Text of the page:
Revisiting Thomson Equation for Accurate Modeling of Pore Scale Thermodynamics of Hydrocarbon Solvents
- Ilyas Al-Kindi (University of Alberta) | Tayfun Babadagli (University of Alberta)
- Document ID
- Society of Petroleum Engineers
- SPE Annual Technical Conference and Exhibition, 9-11 October, San Antonio, Texas, USA
- Publication Date
- Document Type
- Conference Paper
- 2017. Society of Petroleum Engineers
- 1.2.3 Rock properties
- heavy-oil recovery, solvent thermal injection, capillary properties, solvent boiling point, Thomson equation
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- 142 since 2007
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As stated by the classical Thomson equation, the pore scale thermodynamics of solvent is different from bulk conditions being critically controlled by capillary characteristics. This equation shows that the boiling points decrease remarkably as the pore size and interfacial tension become smaller. This paper investigates this phenomenon for hydrocarbon solvents experimentally and compares the results with the values obtained from the Thomson equation to test its applicability in modelling heavy-oil recovery by solvents under non-isothermal conditions. As an initial step, the boiling temperature of different single component solvents (heptane and decane) was measured by saturating Hele-Shaw type cells with variable apertures (ranging from 0.04 mm to 5 mm) and monitoring the boiling process. One experiment was run with a thickness of 12 mm to represent the bulk case. As the aperture (pore size) became smaller, the boiling point temperature decreased. For example, the measured boiling temperatures of heptane and decane were approximately 57.7°C and 107.4°C for the aperture values less than 0.15 mm, which were considerably lower than the "bulk" values (around 40%). In the next step, the same experiments were repeated using micromodels representing porous media. The micromodel (grain diameter of 0.15 mm and a pore throat of 0.075 mm) was designed with uniform properties (constant grain diameter and pore throat). By using the Thomson equation, the boiling points of the selected liquids were mathematically computed and compared with the experimental results from Hele-Shaw experiments.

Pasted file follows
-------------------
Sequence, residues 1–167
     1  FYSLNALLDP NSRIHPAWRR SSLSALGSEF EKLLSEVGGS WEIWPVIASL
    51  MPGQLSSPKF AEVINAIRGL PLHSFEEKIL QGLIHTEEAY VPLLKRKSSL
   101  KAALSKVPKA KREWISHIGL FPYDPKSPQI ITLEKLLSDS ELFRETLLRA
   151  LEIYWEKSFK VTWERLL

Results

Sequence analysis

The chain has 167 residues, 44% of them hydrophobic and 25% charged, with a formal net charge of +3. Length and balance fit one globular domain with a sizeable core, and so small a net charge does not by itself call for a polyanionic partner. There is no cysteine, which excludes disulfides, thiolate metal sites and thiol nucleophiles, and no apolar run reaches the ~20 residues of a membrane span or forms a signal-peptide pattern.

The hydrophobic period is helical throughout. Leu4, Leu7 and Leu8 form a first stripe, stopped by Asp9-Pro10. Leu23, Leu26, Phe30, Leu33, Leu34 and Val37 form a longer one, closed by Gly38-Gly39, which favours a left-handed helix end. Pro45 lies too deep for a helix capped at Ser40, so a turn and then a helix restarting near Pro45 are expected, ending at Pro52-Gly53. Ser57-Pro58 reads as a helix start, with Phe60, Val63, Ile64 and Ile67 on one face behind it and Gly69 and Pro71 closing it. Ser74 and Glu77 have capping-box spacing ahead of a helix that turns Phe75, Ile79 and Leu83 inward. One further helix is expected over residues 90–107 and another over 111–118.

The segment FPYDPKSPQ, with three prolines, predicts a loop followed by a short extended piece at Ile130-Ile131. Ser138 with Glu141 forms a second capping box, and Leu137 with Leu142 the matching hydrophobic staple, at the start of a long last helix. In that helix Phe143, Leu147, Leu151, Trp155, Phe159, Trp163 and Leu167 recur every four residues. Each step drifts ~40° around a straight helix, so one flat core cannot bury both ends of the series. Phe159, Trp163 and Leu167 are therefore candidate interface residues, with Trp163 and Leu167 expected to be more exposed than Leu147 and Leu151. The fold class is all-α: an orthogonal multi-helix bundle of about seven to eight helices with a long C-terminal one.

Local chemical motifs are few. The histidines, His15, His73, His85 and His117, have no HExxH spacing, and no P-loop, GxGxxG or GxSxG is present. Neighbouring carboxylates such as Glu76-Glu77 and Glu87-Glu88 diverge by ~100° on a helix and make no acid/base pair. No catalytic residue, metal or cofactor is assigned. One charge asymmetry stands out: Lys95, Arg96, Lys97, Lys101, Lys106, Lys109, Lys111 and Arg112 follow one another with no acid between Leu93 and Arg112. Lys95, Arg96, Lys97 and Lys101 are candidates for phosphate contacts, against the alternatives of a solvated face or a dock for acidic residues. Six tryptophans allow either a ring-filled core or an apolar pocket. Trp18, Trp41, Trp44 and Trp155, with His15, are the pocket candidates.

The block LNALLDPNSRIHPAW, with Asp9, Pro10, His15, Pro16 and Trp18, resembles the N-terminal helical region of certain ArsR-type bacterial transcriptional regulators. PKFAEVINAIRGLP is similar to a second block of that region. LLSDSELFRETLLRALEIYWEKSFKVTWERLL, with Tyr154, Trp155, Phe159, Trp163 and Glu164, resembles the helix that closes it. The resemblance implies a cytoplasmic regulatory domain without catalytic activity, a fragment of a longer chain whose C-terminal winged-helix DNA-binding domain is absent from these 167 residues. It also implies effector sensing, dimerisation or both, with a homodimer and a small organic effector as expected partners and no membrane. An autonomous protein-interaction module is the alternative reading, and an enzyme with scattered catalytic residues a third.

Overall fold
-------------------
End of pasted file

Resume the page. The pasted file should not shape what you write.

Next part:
|File Size||2 MB||Number of Pages||22|
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